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I am working on a pedometer on Android. To improve it, I would love to distillate the vertical force from all the other forces.

Documentation suggests that the orientation sensor should not be used anymore, due to inaccuraccy, so I was looking to something else.

My idea was: Use the 'TYPE_GRAVITY' sensor to determine what real vertical axis is (from core of earth to sky) and then use that information to rotate the TYPE_LINEAR_ACCELERATION data and then only use the wanted axis.

I was wondering, is this possible? Or is it impossible to calculate the rotation needed from a single [x,y,z] gravity vector?

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up vote 4 down vote accepted

I'll try to approach this from a physics standpoint rather than an Android/programming standpoint:

Let's say the TYPE_GRAVITY sensor returns a vector G = [xG, yG, zG].

The TYPE_LINEAR_ACCELERATION sensor returns another vector A = [xA, yA, zA].

What you're looking for is the magnitude of the projection of A onto a unit vector in the direction of G. In other words, how much of A is in the direction of G?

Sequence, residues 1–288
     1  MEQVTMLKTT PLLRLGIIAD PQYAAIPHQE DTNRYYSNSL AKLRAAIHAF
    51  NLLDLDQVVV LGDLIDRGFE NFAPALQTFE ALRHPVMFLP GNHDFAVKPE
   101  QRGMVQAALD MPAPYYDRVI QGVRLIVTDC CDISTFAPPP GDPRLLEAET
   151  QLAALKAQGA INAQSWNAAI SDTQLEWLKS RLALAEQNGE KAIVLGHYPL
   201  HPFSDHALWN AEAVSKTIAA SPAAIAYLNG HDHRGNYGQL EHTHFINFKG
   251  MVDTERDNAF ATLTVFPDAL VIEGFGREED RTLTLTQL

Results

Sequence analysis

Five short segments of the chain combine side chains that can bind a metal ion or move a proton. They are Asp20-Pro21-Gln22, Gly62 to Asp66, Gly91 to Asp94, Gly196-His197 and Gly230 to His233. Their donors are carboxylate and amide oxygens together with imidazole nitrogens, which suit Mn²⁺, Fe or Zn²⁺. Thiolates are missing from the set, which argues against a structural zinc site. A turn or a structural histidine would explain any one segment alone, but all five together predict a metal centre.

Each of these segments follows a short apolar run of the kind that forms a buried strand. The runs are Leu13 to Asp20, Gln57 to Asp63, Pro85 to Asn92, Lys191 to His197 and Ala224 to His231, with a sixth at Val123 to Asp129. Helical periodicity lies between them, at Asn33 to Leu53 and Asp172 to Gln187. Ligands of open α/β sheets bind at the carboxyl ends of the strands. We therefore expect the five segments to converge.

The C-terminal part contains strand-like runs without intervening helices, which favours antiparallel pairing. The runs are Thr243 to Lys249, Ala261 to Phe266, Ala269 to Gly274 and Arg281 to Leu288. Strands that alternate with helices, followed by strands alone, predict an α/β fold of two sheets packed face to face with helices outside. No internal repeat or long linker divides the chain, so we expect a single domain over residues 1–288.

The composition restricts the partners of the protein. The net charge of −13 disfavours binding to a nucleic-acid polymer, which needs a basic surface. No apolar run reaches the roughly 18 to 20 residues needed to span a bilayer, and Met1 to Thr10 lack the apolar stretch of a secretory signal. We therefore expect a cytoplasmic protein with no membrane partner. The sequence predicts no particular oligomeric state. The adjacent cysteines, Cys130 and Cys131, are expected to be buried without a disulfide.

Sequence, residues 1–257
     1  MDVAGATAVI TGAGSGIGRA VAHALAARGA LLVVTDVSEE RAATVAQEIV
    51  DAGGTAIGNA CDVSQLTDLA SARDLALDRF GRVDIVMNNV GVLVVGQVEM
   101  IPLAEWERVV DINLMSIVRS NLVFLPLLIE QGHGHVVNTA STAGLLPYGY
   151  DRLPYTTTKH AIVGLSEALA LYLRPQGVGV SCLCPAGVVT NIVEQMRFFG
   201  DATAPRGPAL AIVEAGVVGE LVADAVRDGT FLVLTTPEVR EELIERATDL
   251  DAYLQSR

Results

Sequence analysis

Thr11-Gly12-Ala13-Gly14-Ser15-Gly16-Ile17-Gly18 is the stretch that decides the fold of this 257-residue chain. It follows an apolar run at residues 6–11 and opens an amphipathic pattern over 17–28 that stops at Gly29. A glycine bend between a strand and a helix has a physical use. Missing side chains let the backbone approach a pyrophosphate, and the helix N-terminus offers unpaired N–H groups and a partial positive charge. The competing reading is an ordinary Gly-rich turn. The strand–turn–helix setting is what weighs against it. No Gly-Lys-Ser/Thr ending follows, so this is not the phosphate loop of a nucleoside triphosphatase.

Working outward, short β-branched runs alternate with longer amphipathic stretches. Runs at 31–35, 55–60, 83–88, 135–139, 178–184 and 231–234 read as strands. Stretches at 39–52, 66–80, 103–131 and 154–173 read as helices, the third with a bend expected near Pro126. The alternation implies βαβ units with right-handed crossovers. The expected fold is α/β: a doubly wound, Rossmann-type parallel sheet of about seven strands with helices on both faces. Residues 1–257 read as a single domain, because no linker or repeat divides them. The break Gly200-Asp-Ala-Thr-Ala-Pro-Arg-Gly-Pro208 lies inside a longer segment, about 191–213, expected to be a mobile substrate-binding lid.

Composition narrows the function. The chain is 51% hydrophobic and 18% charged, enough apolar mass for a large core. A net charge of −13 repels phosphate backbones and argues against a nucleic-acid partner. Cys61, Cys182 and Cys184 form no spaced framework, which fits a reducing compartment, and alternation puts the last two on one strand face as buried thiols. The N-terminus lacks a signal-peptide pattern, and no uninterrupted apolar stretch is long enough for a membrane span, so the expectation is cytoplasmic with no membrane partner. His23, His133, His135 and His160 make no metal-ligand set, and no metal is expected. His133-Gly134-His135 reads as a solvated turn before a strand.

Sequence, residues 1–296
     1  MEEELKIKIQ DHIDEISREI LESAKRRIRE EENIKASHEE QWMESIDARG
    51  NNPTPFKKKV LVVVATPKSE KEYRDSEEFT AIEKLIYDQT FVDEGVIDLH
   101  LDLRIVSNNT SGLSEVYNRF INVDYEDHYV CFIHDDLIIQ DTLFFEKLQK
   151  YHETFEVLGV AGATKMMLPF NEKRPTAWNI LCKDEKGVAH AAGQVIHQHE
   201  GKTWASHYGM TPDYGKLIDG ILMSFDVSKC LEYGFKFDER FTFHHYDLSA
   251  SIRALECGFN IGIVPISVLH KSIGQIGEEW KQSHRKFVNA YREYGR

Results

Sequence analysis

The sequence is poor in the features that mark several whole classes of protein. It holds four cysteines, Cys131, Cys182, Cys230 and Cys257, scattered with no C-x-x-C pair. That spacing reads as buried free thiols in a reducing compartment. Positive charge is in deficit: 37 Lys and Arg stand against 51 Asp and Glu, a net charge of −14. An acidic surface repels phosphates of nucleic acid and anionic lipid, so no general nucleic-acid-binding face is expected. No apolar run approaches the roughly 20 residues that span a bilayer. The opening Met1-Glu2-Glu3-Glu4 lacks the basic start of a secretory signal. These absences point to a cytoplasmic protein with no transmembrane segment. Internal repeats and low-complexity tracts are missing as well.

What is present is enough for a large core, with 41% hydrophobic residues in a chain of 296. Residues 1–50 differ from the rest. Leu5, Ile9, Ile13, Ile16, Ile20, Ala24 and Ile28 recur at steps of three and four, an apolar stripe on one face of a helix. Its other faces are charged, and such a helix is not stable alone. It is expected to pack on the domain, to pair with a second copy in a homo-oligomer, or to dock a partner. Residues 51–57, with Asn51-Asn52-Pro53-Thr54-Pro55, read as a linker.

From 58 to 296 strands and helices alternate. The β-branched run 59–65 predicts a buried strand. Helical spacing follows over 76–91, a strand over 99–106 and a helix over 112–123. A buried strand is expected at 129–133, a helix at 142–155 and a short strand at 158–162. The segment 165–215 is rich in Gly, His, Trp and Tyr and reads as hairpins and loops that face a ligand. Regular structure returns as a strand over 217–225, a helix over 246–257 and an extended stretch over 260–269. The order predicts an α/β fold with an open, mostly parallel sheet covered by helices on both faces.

First we need to get the unit vector in the direction of G, which we'll call Gunit (see what I did there?). To get this, we divide each component of G by its magnitude ||G||, where ||G|| is the square root of the sum of the squares of each component (the distance formula). Thus,

Gunit = [xG / ||G||, yG / ||G||, zG / ||G||]

The magnitude of the component of A in the direction of G is then given by computing the dot product:

A · Gunit = (xA * (xG / ||G||)) + (yA * (yG / ||G||)) + (zA * (zG / ||G||)).

The result is a scalar (not a vector), and that's the quantity you're looking for.

Here's a good wikipedia article for reference:

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Wow, amazing answer...! It's late here now, and I need to study it good before I really understand it, but wow! Going to try it and will report! – Peterdk Oct 7 '13 at 23:05
Wow, amazing indeed. It works great! I tested it with the full accelerometer data, and the gravity output kept being at 1G at the Z axis while rotating the device in every possible way. It looks more complicated then it is, since I already was using ||G|| in my code. It simply is indeed the magnitude. I will try to add a bounty to this question to award it to you, since this answer is really really outstanding. – Peterdk Oct 8 '13 at 11:22
I guess it makes sense that there would be a pre-calculated magnitude associated with the gravity data. I'm glad I could help! My background is in physics and I'm still pretty new to Android programming, so I like when my physics background helps me out in unexpected ways! I think I might dive into this sensor stuff a bit more now. – Matt Logan Oct 8 '13 at 16:27
Ok, nice. No, the magnitude is not precalculated, but I calculated it earlier for other purposes, so I understood what you were talking about. :) – Peterdk Oct 9 '13 at 1:30

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